Ngorongoro Crater has got to be the world’s most beautiful zoo ever. I saw so many different types of animals, and I saw them quite close up. It was spectacular. I stayed in a concrete igloo at night, and when I walked from the igloo to the table for dinner, I don’t think I’ve ever seen so many stars before.
On my second weekend, I went with more volunteers to a hot spring. We got to swim in a remote spring that was crystal clear. We explored a new town, and we stayed in a super nice hotel with Wi-Fi and breakfast for only $10. The next morning, we explored an underground cave and went to the base of Kilimanjaro. On my last weekend I stayed in Arusha, but there were still many adventures to have.
My roommate and I went to the Maasai market, definitely the place to go for souvenirs if you are in Arusha; we ate at a wonderful café called Africafe, and then we hiked to a local waterfall. We didn’t realize how far the hike was and ended up walking back to our house in the dark of night, but locals on the street helped us to find a taxi and get us home safely. As my roommate said, “That’s the thing about travelling, you always find people who will help when you are stuck.”
My overall experience
The thing I appreciated the most about my stay in Arusha was seeing how vastly different, and yet strikingly alike, people can be. Yes, many people in Arusha didn’t have air conditioning, washers or dryers and many of them didn’t have cars or TVs. They ate different foods from what I was accustomed to and the people dressed differently than I do. But, underneath everything, I learned that I am similar to most of the people I came in contact with.
My host family and I ate dinner every night as a family, just like I do back home. The children in the orphanage wanted love and attention, just like children do back home. I think that is the beautiful thing about humanity: I traveled thousands of miles to discover that underneath all of our differences, humans are essentially the same.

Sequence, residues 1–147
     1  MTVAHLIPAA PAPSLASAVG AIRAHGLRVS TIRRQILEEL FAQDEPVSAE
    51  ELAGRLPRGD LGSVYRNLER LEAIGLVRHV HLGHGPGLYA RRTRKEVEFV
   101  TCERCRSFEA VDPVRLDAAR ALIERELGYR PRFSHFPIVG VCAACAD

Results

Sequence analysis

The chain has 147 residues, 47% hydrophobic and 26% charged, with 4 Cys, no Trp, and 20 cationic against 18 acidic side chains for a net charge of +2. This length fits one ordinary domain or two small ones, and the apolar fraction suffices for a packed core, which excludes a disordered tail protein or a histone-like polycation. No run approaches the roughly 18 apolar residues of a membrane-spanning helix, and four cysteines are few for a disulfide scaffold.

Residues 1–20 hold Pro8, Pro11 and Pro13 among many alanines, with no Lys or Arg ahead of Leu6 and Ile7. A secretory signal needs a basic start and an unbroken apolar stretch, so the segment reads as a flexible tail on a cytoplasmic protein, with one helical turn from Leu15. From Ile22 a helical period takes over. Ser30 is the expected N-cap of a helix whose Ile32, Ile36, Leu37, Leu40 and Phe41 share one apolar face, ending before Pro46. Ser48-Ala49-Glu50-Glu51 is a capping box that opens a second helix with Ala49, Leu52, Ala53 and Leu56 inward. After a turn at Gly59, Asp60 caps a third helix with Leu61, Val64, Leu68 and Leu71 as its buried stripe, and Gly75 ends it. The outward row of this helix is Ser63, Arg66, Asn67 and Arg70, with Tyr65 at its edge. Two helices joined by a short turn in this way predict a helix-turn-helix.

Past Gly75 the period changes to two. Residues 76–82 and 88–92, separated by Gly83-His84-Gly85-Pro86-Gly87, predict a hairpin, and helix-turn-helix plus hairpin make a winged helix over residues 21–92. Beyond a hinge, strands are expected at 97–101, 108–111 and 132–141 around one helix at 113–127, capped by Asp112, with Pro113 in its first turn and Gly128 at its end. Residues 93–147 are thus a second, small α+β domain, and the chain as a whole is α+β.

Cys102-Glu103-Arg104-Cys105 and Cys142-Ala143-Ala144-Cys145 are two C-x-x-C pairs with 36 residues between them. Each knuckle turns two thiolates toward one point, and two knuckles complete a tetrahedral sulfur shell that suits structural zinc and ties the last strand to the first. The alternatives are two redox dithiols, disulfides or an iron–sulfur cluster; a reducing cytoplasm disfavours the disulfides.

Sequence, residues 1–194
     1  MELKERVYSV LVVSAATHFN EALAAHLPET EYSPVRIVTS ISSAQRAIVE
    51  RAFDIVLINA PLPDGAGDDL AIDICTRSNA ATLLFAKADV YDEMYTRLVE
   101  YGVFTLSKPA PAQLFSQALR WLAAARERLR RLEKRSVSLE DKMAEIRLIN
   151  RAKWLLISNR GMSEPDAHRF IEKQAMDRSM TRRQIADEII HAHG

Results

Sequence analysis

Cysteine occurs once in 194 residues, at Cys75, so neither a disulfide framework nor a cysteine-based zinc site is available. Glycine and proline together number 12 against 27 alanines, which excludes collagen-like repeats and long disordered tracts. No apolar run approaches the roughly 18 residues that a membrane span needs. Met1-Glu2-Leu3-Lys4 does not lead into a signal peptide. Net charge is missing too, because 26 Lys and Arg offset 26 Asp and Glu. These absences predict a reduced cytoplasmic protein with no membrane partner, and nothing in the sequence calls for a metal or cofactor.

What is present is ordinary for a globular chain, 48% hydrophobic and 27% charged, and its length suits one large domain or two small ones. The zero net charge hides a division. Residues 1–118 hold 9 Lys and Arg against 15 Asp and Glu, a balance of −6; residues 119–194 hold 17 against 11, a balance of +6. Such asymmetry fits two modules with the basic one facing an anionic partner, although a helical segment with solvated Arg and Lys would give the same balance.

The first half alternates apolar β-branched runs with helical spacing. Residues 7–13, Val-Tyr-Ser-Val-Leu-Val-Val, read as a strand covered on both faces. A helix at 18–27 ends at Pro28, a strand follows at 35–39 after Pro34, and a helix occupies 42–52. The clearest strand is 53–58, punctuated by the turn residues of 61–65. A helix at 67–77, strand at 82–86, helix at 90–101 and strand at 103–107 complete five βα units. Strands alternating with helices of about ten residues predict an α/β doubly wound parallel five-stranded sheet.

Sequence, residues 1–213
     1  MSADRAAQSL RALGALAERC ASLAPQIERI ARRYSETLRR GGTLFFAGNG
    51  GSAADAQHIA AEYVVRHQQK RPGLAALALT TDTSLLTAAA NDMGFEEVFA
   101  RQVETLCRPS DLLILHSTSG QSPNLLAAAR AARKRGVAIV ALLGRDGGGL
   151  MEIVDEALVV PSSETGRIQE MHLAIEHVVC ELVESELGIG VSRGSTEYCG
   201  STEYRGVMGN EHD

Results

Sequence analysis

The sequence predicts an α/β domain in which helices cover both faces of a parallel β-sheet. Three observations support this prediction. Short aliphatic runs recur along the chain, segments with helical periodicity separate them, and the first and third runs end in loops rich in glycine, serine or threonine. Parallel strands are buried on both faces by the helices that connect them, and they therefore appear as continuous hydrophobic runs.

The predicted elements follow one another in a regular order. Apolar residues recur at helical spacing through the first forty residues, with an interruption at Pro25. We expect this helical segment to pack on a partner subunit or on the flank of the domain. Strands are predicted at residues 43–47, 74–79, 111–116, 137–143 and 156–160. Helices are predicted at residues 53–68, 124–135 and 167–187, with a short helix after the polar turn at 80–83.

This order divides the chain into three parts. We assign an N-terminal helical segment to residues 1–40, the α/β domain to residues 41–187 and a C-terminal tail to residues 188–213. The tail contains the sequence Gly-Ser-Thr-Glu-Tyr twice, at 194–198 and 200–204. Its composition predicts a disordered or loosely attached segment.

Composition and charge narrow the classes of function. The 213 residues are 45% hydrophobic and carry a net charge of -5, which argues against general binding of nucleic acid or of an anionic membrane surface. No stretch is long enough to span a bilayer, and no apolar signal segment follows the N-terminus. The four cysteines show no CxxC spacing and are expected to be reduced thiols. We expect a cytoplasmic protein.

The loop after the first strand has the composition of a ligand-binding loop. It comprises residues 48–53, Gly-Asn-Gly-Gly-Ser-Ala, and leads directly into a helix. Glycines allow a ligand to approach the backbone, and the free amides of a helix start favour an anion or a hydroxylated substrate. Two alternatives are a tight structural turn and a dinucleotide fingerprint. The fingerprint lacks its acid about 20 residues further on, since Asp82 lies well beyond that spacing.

Through Projects Abroad socials on Thursdays, I met other Americans, a German, a few French, two Canadians, a lady from Australia, and a guy from the Netherlands. We were all from different parts of the world but we could come together and eat, laugh, and sing karaoke. We could come together in a matter of weeks and become friends. Traveling through Projects Abroad not only allows you to help the people in the country you are traveling too, it also allows you to make friends from all over the world. It allows you to learn more about your own strengths that you didn’t even know you had.
I must say, as my first solo trip, and as my first trip across seas, I was certainly not disappointed. Traveling to Arusha made me realize that sometimes in life a person needs to slow down, take a walk, talk to a friend, and not be so caught up in the busyness of the world. As many people told me during my stay, follow Tanzanian time (which basically means that it’s okay to be late wherever you go because everyone else probably will be too).
I saw more natural beauty in Africa than anywhere else I have been. The people I met are happy to see their neighbors and happy to go to the market for fresh avocados. They know what’s important in life, and I think that’s something I took away from my trip. Asante Tanzania! (Thank you Tanzania)
This volunteer story may include references to working in or with orphanages. Find out more about Projects Abroad's current approach to volunteering in orphanages and our focus on community-based care for children.
This is a personal account of one volunteer’s experience on the project and is a snapshot in time. Your experience may be different, as our projects are constantly adapting to local needs and building on accomplishments. Seasonal weather changes can also have a big impact. Find out more about what you can expect from this project, or speak to one of our friendly Program Advisors.